We all want a happy, productive team that reflects the customers we serve and the communities we are a part of. To do that, it is important to create a more gender-balanced and diverse working environment.
Women make up 47% of the entire workforce, yet sadly only a third (35%) of managers, directors and senior officials are women. This continues through the ranks of seniority, with only 5% of FTSE 100 CEOs being women earning on average 77% less than their FTSE 100 male counterparts.
Together we need to bring about real change and narrow the gender pay gap. But what are the things employers need to know to protect their workers? Here are 5 Things Employers Need To Understand About Equal Pay By Group HR Director of Personal Group Rebekah Tapping.
It’s a legal requirement
The law on equal pay depends on the country you are based in. In the UK, the law is set out in the ‘equality of terms’ provisions of the Equality Act 2010 (the Act). Here ‘pay’ includes the complete pay and benefits package given to employees, so bonuses, hours of work, sick pay, or company cars must be equal.
Employees who are paid fairly are more committed
Although equal pay should be an essential part of running a business when employees are rewarded fairly for their work, they are more likely to put in extra effort and pitch in to help others. This higher level of commitment can lead to better job performance. When employees think they’re underpaid, they are far more likely to look for a new job.
Career progression should be equal
Did you know that women ask for promotions and raises just as often as men? Yet women are still promoted more slowly and paid less — and these problems are worse for women of colour. Make sure you are giving everyone the same opportunities by auditing staff reviews and promotions regularly. This makes sure you are not systematically marking men more highly and promoting them faster. Train managers so they understand the impact of gender bias on their decision-making. Finally, put clear and consistent criteria in place to reduce bias in staffing decisions and performance reviews.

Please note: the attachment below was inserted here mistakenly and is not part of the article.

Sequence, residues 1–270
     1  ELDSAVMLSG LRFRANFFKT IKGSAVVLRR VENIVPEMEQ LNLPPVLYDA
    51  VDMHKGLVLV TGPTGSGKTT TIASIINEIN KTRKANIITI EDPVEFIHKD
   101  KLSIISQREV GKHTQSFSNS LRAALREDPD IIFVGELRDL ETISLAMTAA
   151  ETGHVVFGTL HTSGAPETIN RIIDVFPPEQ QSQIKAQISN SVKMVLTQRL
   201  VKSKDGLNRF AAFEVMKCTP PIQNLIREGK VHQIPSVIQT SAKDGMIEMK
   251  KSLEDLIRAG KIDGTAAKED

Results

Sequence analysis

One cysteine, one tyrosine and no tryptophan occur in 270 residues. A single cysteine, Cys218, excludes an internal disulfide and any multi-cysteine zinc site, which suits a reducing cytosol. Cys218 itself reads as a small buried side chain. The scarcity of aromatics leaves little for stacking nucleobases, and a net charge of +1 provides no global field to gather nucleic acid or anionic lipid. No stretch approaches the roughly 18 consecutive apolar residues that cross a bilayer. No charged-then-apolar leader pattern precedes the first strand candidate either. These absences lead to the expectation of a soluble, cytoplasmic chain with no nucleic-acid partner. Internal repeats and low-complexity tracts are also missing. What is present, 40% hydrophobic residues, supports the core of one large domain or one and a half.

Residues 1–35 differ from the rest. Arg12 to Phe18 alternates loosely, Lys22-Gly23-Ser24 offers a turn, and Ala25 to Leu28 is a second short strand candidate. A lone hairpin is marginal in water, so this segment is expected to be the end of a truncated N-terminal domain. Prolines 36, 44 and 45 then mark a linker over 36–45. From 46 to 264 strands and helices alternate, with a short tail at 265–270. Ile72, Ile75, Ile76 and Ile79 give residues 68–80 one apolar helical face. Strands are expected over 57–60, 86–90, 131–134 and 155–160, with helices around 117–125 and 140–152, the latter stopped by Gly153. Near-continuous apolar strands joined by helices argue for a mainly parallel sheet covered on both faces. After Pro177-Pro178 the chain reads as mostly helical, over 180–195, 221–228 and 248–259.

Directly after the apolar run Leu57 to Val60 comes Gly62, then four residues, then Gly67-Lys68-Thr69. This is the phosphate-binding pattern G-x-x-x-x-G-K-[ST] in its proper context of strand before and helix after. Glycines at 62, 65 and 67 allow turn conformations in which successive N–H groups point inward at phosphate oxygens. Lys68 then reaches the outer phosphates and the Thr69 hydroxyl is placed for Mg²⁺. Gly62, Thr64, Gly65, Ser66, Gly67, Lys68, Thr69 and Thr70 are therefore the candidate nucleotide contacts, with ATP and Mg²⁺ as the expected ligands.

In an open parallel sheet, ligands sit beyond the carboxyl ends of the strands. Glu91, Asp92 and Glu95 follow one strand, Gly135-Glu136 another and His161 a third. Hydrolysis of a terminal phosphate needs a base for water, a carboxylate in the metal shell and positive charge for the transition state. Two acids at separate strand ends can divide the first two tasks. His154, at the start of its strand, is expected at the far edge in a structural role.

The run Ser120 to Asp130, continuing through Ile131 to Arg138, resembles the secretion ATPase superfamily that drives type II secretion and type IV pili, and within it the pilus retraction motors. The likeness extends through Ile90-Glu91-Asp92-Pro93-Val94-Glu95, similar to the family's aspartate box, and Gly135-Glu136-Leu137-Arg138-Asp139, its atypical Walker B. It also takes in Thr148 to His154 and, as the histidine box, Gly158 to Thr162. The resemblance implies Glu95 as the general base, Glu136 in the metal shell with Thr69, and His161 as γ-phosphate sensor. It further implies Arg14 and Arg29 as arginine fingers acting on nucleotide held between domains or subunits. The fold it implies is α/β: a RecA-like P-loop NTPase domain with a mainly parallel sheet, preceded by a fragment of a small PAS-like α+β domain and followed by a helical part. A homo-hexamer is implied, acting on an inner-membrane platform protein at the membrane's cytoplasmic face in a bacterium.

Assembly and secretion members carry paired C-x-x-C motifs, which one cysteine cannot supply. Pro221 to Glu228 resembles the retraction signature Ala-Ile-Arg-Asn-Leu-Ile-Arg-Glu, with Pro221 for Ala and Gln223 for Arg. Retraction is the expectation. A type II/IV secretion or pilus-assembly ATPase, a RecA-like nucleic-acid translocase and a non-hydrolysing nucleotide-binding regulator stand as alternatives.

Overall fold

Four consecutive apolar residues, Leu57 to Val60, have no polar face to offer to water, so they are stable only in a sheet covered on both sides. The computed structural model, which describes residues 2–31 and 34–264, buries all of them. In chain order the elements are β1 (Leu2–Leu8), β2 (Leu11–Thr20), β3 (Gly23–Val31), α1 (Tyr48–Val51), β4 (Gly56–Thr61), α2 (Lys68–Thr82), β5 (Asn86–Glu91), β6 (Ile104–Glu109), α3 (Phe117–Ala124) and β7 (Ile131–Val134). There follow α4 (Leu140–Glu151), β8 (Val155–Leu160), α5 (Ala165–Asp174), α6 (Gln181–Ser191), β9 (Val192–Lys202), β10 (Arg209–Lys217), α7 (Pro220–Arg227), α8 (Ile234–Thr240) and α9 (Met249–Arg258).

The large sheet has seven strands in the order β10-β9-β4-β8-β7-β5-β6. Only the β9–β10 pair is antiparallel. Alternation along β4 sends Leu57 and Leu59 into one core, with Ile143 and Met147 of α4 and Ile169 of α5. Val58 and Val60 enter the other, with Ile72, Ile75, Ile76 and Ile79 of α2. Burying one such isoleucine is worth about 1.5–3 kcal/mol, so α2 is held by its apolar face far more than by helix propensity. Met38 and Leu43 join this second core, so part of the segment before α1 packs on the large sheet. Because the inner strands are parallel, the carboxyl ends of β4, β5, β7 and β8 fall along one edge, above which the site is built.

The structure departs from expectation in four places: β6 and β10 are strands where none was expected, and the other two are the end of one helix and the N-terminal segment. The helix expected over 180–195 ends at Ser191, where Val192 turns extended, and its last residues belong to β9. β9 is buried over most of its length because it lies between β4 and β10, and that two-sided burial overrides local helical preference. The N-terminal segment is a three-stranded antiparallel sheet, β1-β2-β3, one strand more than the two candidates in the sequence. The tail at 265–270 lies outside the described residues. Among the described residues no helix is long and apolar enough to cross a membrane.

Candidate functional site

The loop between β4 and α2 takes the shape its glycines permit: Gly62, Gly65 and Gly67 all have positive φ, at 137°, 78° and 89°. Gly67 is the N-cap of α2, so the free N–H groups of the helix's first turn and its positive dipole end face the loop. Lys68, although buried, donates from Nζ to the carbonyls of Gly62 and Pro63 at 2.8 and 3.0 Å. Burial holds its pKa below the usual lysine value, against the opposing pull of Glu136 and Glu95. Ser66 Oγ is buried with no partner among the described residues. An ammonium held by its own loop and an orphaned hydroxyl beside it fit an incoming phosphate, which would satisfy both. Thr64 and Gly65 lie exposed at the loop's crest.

Gender reporting must not be neglected
Being open and transparent about your progress will go a long way towards addressing equal pay. In some countries, including the UK, it is compulsory for companies with more than 250 employees to report their gender pay gap figures at the end of every fiscal year. In 2020, however, gender pay reporting was put on hold due to the many pressures facing organisations. Companies will soon be back in the spotlight and will be expected to demonstrate that they acted fairly throughout the crisis.
Know when to seek support on improving equal pay
If you don’t have enough time or bandwidth to review your policies, bring in a third-party who will be able to help you work through assessing and narrowing your gender gap.
Women need to continue to fight for equality, however, employers have a duty of care and can play an active role in achieving balance. Actions speak louder than words, and companies need to live up to their promises to protect their workers.